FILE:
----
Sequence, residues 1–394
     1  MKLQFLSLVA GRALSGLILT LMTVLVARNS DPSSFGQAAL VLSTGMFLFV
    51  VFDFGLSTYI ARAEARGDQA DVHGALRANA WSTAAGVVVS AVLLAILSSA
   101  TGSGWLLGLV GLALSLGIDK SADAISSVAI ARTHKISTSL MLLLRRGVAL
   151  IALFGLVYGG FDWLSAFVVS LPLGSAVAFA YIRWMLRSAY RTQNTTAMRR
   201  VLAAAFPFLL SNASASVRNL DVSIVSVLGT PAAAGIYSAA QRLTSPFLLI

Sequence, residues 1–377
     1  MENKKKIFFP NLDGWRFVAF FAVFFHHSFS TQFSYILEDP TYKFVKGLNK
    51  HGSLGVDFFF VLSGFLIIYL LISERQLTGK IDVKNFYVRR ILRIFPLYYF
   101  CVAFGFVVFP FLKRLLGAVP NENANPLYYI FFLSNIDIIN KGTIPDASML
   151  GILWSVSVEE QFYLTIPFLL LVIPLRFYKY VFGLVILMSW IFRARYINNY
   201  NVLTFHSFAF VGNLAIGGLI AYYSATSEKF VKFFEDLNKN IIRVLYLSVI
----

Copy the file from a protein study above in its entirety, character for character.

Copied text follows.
Sequence, residues 1–394
     1  MKLQFLSLVA GRALSGLILT LMTVLVARNS DPSSFGQAAL VLSTGMFLFV
    51  VFDFGLSTYI ARAEARGDQA DVHGALRANA WSTAAGVVVS AVLLAILSSA
   101  TGSGWLLGLV GLALSLGIDK SADAISSVAI ARTHKISTSL MLLLRRGVAL
   151  IALFGLVYGG FDWLSAFVVS LPLGSAVAFA YIRWMLRSAY RTQNTTAMRR
   201  VLAAAFPFLL SNASASVRNL DVSIVSVLGT PAAAGIYSAA QRLTSPFLLI

Sequence, residues 1–377
     1  MENKKKIFFP NLDGWRFVAF FAVFFHHSFS TQFSYILEDP TYKFVKGLNK
    51  HGSLGVDFFF VLSGFLIIYL LISERQLTGK IDVKNFYVRR ILRIFPLYYF
   101  CVAFGFVVFP FLKRLLGAVP NENANPLYYI FFLSNIDIIN KGTIPDASML
   151  GILWSVSVEE QFYLTIPFLL LVIPLRFYKY VFGLVILMSW IFRARYINNY
   201  NVLTFHSFAF VGNLAIGGLI AYYSATSEKF VKFFEDLNKN IIRVLYLSVI